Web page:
HR is a field that has always generated large volumes of data. For instance, candidate profiles, recruitment data, career progression data, personal development and review data, appraisal data, employee engagement data, etc. With the rapid advent of technology, it is even possible to analyze and leverage data from social media profiles, emails and so on too (apart from the traditional means) to understand employee sentiment and gather other such insights.
Earlier, businesses and HR teams would not leverage such data to gain deep insights to refine/ add value to their decision-making. Today, there is a growing acceptance and shift towards evidence-based HR and HR analytics.
Different organizations and sectors are deriving different kinds of benefits from using HR analytics. A majority of businesses are still using big data and analytics to understand administrative and standard KPIs such as absenteeism, employee satisfaction, etc. as they are easier to measure or that they are used by everyone else. However, HR analytics is not limited to these standard KPIs and definitely not to the HR function.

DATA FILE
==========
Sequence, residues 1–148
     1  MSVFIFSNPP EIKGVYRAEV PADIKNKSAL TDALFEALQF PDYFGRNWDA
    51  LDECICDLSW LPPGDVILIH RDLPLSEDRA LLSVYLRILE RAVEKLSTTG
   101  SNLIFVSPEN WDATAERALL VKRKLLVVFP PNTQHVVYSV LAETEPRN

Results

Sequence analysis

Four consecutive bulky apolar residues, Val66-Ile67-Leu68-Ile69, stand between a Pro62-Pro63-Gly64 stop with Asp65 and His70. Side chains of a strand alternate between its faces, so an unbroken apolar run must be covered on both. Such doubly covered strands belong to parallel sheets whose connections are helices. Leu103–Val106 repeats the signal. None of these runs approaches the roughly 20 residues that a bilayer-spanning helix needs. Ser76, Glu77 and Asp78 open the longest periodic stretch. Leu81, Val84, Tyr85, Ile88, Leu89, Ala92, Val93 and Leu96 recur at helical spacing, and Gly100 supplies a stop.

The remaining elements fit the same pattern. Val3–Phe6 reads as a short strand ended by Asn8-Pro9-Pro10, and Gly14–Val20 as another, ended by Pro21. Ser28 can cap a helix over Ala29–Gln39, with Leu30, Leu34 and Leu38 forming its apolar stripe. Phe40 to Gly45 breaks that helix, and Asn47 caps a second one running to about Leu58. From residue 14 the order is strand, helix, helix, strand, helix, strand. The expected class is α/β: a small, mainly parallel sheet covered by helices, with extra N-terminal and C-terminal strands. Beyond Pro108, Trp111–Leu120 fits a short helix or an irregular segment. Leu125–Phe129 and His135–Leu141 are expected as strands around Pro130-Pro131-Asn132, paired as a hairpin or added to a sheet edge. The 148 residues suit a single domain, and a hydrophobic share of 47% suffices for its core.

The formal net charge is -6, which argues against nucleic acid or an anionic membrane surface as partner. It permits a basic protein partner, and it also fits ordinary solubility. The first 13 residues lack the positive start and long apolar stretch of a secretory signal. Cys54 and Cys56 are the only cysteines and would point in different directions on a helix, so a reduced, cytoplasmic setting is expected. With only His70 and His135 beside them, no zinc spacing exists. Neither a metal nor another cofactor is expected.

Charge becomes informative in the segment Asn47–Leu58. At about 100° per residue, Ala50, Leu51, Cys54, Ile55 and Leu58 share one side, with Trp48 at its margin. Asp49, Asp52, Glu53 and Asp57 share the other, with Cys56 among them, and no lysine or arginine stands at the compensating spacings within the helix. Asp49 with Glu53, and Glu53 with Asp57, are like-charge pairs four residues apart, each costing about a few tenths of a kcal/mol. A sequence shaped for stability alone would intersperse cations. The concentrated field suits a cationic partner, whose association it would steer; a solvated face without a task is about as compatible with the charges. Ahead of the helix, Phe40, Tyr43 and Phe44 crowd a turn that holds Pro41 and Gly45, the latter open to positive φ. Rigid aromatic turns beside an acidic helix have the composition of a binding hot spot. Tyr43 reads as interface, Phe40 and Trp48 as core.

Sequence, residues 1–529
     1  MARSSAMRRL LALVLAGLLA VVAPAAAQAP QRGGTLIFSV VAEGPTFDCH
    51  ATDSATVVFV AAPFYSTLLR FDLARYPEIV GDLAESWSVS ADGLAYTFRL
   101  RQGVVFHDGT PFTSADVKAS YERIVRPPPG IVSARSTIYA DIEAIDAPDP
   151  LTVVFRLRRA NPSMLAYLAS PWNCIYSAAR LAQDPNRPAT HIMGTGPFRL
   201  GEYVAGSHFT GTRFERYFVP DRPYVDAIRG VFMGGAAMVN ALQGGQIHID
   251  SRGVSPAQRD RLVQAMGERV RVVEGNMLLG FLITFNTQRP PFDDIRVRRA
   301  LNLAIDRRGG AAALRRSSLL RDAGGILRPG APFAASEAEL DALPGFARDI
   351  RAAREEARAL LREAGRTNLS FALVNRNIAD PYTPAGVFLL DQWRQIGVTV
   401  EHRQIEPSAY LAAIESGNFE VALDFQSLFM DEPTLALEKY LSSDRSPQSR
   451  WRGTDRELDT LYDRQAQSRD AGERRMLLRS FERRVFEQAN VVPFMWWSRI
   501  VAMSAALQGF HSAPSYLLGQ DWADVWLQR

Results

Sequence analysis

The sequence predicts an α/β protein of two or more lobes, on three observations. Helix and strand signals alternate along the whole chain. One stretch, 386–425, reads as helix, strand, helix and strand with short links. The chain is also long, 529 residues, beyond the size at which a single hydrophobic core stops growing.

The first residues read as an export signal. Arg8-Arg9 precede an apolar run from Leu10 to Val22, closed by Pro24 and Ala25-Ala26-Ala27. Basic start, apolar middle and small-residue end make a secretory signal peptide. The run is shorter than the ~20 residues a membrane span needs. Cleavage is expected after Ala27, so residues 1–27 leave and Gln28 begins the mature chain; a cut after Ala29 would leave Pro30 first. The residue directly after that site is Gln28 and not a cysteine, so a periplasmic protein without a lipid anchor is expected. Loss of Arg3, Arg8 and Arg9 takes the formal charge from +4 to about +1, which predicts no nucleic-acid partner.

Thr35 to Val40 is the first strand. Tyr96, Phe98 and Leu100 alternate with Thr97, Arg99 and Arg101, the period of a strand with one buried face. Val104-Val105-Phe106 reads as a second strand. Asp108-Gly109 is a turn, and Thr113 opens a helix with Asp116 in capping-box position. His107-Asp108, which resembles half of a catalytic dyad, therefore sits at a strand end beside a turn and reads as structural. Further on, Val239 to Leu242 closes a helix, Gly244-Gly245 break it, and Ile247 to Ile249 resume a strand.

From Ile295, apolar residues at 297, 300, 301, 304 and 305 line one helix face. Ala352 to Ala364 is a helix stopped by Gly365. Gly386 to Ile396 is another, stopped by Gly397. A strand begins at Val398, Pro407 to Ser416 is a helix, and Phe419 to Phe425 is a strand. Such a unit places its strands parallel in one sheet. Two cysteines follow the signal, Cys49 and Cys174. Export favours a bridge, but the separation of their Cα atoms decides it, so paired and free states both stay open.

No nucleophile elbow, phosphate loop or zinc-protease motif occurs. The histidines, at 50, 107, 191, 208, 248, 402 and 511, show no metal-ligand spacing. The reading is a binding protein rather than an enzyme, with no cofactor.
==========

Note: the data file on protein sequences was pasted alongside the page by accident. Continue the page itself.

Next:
Invaluable and unique HR insights and metrics that can be unearthed from HR data will enable better business decisions and enhanced performance. Why? HR deals with employees. So, better HR decisions, effective and efficient HR processes, nuanced understanding of employees and aligning their goals to the common business goals, improving the leadership/ management decisions with regard to employee-related matters, improving employee well-being, etc. will directly impact how the business performs in the long-run.
So, evidence-based HR is necessary for driving business value and this is something everyone agrees upon. But, is it sufficient even if all our insights are actionable? Should we focus only on data and leave no space for human intelligence and intuition in HR decisions? Are we becoming too fixated on data-driven decision-making? Will focusing on data-enabled decision-making, where people make the decisions ultimately, be a better solution in HR and otherwise?
Let us try to address these questions.
Making sense of data analytics to drive business value